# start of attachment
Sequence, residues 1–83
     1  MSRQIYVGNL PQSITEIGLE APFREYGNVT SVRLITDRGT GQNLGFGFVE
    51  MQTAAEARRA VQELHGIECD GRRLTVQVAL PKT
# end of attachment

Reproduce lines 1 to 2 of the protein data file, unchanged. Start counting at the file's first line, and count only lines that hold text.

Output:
Sequence, residues 1–83
     1  MSRQIYVGNL PQSITEIGLE APFREYGNVT SVRLITDRGT GQNLGFGFVE